My own question from looking at the research is how do you manage not restricting a child’s diet with concerns about obesity? Allen and Myers (2006) suggest that parents provide their children with an appropriate diet without being over controlling on what food their children eat. Children need to learn to self-regulate their energy intake and they actually do this better without parental intervention. However, they do recommend that parents of overweight toddlers be given weight management counselling to study the child’s food intake and activity level. They point out that children should not be encouraged to have a strict, low-calore, low-fat diet as this would not give children sufficient nutrients for growth. Fisher and Birch (1998) found that parents who restrict access to treats such as sweets, biscuits and chocolate actually have children who select and eat them more when given free access to them.

Having thought about this research, I have wondered whether I should be less controlling about my son’s food consumption. I do try to restrict my son’s chocolate intake although I have to admit without much success as he is always being given treats by grandparents and at people’s houses. I have also offered chocolate or sweets as a reward before, which I have realised I definitely shouldn’t be doing. I think the way forward is to allow him to eat as many treats as he wants when he is offered them, but to not have them at home too often. One thing that I think I have got right so far is that I have always been cautious about offering food when my son is upset as I do not want my son to associate food with comfort.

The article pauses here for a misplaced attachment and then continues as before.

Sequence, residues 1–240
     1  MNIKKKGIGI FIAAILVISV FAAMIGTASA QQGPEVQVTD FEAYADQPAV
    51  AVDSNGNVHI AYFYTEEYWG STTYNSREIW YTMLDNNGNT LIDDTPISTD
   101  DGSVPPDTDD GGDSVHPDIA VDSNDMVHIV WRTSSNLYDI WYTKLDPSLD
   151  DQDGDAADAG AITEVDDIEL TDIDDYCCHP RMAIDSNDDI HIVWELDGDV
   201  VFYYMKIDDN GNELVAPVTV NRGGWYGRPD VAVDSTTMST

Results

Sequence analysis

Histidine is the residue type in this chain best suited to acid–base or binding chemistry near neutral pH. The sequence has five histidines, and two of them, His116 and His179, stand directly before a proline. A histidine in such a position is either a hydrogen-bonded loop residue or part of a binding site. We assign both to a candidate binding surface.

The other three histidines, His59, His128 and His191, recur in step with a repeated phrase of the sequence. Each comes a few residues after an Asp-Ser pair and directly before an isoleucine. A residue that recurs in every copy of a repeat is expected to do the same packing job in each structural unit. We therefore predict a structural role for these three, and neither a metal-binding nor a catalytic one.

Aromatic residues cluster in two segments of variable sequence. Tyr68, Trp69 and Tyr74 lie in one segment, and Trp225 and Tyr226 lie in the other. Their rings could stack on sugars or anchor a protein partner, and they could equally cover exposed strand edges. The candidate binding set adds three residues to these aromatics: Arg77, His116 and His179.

My book  ‘Psychology for Parents: Birth to teens’ is on sale as an e-book on Amazon and Smashwords.com.

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How can you help your clumsy child?

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A child jumping

A child jumping (Photo credit: Wikipedia)

Dyspraxia is primarily a disorder of motor coordination and children with dyspraxia can be quite clumsy.  It is important that dyspraxia is identified early on so that intervention can be offered. Early intervention and identification of the disorder can prevent a child becoming frustrated at school and enable teachers to provide sympathetic support. So what are the symptoms of dyspraxia? Children with dyspraxia may have taken longer to roll, sit, crawl, walk, speak and toilet train. They can have problems with gross motor skills such as jumping and kicking a ball even when they have mastered fine motor skills such as copying letters or vice versa. They may also have problems getting dressed and using a knife and fork. School can present further challenges for a dyspraxic child as they may have difficulty concentrating and learning.